Orange wine: more than a hype?
To start with: what is orange wine?
A simple definition might be: orange wine is white wine made like red wine. In practice, the winemaker does not immediately press the white grapes to separate the juice from the seeds and skins, as is the case with classic white wines. It allows a maceration, a maceration in which the fermenting juice remains in contact with the skins, seeds and sometimes the stems. That contact can last from a few days to even a few weeks… This maceration provides color and tannins, which in turn depends on the duration of the maceration.
Aromas and taste
Taste and aromas are of course linked to the grape variety used, but the duration of the maceration also plays a role, as does the container in which the maceration takes place (for example, traditional oak barrels will push the fracheur away a bit, while clay amphorae provide more freshness and pure fruit). Orange wines are often made as naturally as possible, with autochthonous yeasts and sometimes without added sulfites. All these factors play a role, but common aromas are those of dried fruit, peach, honey, ripe apple, field herbs, dried grass, flowers… There are also plenty of oxidative, nutty notes. In the mouth you will find a lot of structure, often with earthy notes. The acids differ from wine to wine, from low to high - the definition of orange wine itself means that they are all different anyway, luckily!
You can safely say that orange wines are culinary multi-talents. They are more potent than regular white wines. If white wine is too little, and red too much, orange wine can be a solution. Think of rich risottos (also with meat), an elaborately spiced Greek dish, dishes with curry or with kimchi,...
A wine with history or hype…or both?
To the question whether orange wine is more than a hype, a personal and nuanced answer is again appropriate. The process behind orange wine is by no means new, the name is. The name was launched in 2004 by an English wine merchant while these wines were originally made mainly in Eastern Europe. Some literature tells us that in Georgia 5000 years ago there was already talk of this type of wine, made on the traditional amphora, the so-called 'qvevri'. Techniques were different back then, simpler and wine was also supposed to be made quickly. In any case, much of the tradition in that region was lost during the communist rule of the last century.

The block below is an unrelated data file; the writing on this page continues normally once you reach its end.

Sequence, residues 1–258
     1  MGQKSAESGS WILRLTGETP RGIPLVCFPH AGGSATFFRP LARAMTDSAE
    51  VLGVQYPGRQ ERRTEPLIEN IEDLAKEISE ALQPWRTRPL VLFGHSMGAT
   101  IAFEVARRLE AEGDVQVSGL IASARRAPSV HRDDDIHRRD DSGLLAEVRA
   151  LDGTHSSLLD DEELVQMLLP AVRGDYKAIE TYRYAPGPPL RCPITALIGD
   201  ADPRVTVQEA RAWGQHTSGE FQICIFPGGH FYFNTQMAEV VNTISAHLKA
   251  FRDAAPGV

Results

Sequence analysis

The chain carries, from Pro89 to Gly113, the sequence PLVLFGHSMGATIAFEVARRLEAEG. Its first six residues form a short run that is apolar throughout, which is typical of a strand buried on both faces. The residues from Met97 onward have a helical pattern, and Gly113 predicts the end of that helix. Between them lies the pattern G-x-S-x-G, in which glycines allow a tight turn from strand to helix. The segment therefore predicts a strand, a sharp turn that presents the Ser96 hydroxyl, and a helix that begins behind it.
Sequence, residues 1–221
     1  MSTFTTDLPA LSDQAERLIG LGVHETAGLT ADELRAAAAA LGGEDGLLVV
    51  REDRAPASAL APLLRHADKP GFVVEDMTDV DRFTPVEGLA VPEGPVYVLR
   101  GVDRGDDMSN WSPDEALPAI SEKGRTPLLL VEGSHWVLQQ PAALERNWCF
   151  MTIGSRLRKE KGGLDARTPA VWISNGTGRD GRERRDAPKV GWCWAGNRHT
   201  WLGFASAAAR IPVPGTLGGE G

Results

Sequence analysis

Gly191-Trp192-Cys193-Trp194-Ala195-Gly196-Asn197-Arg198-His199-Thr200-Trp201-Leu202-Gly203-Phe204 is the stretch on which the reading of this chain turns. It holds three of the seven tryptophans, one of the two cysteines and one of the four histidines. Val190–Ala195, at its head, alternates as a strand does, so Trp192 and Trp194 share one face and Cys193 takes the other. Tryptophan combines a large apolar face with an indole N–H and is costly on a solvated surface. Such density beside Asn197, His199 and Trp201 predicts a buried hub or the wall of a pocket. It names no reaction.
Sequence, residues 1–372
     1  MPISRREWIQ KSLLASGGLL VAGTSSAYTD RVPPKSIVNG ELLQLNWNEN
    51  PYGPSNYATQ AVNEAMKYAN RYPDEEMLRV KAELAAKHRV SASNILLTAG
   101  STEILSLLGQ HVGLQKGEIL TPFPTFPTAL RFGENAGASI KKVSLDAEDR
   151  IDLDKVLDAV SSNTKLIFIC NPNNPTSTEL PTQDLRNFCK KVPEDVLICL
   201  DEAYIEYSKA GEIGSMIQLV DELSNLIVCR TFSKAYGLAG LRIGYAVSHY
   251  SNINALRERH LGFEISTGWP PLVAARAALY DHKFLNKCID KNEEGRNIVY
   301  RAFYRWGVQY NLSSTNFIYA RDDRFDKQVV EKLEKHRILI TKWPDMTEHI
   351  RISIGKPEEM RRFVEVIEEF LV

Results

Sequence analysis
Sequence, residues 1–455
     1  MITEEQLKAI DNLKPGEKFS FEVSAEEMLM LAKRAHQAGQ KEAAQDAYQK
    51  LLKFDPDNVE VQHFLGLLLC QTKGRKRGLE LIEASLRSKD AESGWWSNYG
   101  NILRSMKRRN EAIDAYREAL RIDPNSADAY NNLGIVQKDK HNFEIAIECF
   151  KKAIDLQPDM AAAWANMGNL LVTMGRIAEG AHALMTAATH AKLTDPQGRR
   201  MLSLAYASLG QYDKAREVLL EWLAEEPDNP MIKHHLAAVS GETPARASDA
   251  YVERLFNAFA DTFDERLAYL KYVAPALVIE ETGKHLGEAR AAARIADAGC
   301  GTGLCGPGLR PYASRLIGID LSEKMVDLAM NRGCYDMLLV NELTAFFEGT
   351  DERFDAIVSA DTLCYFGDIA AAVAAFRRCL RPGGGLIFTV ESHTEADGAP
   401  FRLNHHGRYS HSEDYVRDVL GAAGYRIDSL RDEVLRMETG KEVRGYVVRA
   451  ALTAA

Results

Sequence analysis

Meanwhile, orange wine was also made in Italy, for example. In the last 20 to 25 years, it has completely become fashionable again and that ensures, for example, that those old Eastern European wine countries can distinguish themselves in the enormous wine pool that has formed worldwide. Today you can find orange wine in just about every wine country. Due to the back-to-basics techniques used, a link is often made to the equally popular natural wines. As mentioned in a previous blog post: natural wines certainly have their place and the pursuit of more nature and less intervention in the wine world is both hopeful and necessary. However, wine and quality should still come first and not the term that is used inappropriately because it is well in the market. Recently a winemaker from Priorat told me that they have never made their white wines differently, but never thought of calling them anything other than… white wine from Priorat. So: orange wine? Please, if he's good!